Movie Theaters and Hotels for an Uncertain Future
Eric is a member of The Motley Fool Blog Network -- entries represent the personal opinion of the blogger and are not formally edited.
The Marcus Corporation (NYSE: MCS) offers a decent dividend payout and a resilient business model. This company owns both hotels and movie theaters, so it benefits from diversification. Marcus has a limited geographic footprint, with many of its properties in the Midwest, so it has room to expand. The company has also invested in modern theater technology, such as 3D-capable screens. Marcus could be a better long term pick than a company that specializes in either hotels or movie theaters.
Movie theater customers frequently complain about high ticket prices, but a movie may still cost less than other entertainment options. An individual who might stay at an expensive resort during good economic conditions might stay in town and watch a movie during bad economic conditions. A resort hotel might achieve higher profits during a boom, but a movie theater chain might actually do better in a bust.
Fiscal 2009 results from Regal (NYSE: RGC) and Marriott (NYSE: MAR) showcase the effects of a deep recession. Regal reported 7.6% higher revenue in 2009, and its total revenue increased to $766 million. In addition, Regal noted that 2009 was a good year for the movie industry, in general. 2009 didn't go so well for hotels. Marriott reported -15% revenue growth for the year, and its income shrank from $359 million in 2008 to -$346 million in 2009.
Marcus' fiscal 2009 results show that diversification did provide some downside protection. The company posted 3.3% overall revenue growth for the year, although its net income dipped 16%. The company's hotel business reported 10.1% lower revenue per available room (REVPAR), but its movie business reported 18.9% revenue growth.
Marcus offers a substantial, and still sustainable, dividend. Inverting a P/E ratio gives a company's earnings yield. A company that has a 15 P/E has an earnings yield of 6.67%. Dividing a company's dividend yield by its earnings yield gives the company's payout ratio, which is the percentage of income that the company distributes to its shareholders each year. Marcus' 2.7% forward dividend yield and forward P/E of 15 produce a forward payout ratio of 40%.
Marriott's dividend also looks sustainable, but it's smaller. Marriott has a 1.7% forward dividend yield and a forward P/E of 16, which results in a forward payout ratio of 27%. Regal boasts a bigger dividend than the hotels, but this movie theater chain's payout ratio looks very high. Regal has a 5% forward dividend yield and a forward P/E of 16, which produces an 80% forward payout ratio.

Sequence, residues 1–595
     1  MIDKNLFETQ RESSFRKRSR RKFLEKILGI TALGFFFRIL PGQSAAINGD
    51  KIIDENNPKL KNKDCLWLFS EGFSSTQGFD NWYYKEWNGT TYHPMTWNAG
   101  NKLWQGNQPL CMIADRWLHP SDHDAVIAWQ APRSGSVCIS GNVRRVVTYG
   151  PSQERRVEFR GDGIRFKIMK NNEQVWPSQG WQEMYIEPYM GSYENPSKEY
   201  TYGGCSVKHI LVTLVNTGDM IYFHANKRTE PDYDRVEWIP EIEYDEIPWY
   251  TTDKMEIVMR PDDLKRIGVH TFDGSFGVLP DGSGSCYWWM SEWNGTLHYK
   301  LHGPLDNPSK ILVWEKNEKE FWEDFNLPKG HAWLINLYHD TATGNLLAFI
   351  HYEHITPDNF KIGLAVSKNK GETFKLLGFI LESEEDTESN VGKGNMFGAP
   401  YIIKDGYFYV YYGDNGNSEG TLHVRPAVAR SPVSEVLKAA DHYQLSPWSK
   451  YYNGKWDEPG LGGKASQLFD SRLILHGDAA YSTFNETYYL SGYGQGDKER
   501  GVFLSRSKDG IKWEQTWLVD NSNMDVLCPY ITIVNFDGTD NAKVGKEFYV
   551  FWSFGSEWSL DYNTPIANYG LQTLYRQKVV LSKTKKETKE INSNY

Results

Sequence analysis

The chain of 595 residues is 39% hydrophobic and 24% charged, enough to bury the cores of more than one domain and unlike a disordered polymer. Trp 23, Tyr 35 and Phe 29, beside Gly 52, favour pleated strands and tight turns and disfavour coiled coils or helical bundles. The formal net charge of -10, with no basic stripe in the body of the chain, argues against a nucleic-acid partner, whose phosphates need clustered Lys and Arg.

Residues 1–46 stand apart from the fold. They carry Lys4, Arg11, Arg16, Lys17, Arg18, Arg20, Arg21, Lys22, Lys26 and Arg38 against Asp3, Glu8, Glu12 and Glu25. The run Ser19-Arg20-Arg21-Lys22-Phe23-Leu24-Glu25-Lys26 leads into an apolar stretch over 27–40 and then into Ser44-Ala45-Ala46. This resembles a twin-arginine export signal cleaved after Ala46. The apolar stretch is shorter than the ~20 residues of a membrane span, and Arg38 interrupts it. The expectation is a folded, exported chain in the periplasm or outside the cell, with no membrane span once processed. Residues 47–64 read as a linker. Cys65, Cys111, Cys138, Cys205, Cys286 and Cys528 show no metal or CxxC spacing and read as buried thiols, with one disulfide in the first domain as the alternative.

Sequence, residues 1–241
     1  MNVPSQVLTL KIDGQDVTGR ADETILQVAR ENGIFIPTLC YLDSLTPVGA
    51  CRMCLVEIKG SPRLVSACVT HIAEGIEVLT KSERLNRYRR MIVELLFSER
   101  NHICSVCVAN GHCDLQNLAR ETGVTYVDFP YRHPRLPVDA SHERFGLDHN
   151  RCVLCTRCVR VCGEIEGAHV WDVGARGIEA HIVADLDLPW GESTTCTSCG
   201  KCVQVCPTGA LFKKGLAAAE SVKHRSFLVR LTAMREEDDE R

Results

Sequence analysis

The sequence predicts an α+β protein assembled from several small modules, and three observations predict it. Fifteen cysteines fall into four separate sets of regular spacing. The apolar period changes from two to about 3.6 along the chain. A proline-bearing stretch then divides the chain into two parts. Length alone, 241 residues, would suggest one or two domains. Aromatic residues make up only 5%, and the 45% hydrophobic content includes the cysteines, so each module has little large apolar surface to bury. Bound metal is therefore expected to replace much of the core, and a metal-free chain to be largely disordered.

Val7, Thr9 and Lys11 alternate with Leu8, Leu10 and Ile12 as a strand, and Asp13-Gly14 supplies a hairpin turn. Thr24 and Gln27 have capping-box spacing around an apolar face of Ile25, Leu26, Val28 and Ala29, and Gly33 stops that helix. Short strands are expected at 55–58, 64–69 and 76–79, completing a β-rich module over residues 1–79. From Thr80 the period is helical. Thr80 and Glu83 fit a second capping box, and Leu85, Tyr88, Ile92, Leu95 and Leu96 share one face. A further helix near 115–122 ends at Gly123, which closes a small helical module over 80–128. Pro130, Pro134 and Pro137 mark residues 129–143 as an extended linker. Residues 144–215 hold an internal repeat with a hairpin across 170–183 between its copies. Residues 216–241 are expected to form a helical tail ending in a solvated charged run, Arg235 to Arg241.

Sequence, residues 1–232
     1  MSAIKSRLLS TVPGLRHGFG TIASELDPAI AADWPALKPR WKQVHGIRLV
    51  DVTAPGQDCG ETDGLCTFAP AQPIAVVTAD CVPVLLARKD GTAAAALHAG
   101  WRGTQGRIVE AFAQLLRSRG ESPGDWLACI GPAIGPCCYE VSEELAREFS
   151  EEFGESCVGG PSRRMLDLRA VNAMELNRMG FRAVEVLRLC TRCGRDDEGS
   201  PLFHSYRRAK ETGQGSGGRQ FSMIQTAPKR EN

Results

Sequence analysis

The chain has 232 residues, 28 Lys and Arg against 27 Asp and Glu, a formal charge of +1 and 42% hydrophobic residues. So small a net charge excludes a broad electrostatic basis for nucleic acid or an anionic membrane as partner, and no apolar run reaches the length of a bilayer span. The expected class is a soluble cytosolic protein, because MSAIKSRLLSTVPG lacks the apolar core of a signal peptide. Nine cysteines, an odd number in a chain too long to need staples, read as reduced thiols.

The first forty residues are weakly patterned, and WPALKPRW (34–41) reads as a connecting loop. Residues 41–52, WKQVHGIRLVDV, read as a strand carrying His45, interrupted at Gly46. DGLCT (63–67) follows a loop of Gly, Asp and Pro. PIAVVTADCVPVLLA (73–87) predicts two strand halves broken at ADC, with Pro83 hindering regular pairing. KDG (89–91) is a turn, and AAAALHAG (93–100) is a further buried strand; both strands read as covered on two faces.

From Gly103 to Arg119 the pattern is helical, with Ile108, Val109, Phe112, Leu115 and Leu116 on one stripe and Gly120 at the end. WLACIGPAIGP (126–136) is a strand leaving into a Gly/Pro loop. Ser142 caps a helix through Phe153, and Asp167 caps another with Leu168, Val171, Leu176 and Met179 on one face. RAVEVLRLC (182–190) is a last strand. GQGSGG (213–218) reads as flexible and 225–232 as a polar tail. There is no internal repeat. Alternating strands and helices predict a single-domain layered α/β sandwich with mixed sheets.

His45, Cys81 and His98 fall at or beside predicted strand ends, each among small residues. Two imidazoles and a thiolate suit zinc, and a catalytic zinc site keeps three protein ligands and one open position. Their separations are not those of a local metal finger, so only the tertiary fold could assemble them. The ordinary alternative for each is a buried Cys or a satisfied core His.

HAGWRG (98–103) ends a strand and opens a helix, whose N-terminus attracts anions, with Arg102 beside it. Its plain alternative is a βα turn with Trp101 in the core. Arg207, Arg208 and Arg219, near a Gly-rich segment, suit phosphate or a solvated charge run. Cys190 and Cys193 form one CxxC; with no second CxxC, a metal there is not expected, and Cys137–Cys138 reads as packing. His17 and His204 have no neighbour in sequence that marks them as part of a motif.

Marcus also wins the book value comparison with Regal and Marriott. Only one of these companies has a positive book value right now. Marcus has a book value per share of $11.19, and its share price was $12.51 at the end of the day on June 25, 2013. Regal has a book value per share of -$4.55, and Marriott has a book value per share of -$4.45.
Marcus posted a net loss this quarter because of items, but the company still achieved top-line growth because its hotel business performed well. Marcus reported 1.7% overall revenue growth for the third fiscal quarter of 2013, and its hotel segment reported 12.3% revenue growth. The company recorded a -$2 million impact because of a lawsuit and impairment costs, which resulted in -$1.37 million net income for the quarter.
Marriott's results show that the hotel industry has recovered from the recession, and conditions look more favorable now. This hotel chain reported 14.9% higher sales and 30.8% higher income for the quarter. Marcus does business in 11 states while Marriott has hotels throughout the world, so Marriott's North American results could provide a closer comparison. Marriott reported 5.8% higher REVPAR for the quarter, while Marcus reported 10.7% higher REVPAR.
Marcus explained that its movie segment faced a tough comparison this quarter because it had more popular movies available last year. Movie theaters may have also faced a difficult market this spring in general. Regal reported -6.1% revenue growth and -51.4% income growth for the quarter, and the theater chain described the overall business environment as challenging.
Marcus' combination of movie theaters and hotel properties could perform in a wide variety of economic conditions, which is very important for a dividend stock. Marcus' third quarter didn't go so well, but a few hit movies could put this company in a much better position. This theater and hotel owner also classified some major recent expenses as items, so its margins could improve. A weak third quarter may mean a good deal on this stock.
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Eric Novinson has no position in any stocks mentioned. The Motley Fool has no position in any of the stocks mentioned. Try any of our Foolish newsletter services free for 30 days. We Fools may not all hold the same opinions, but we all believe that considering a diverse range of insights makes us better investors. The Motley Fool has a disclosure policy. Is this post wrong? Click here. Think you can do better? Join us and write your own!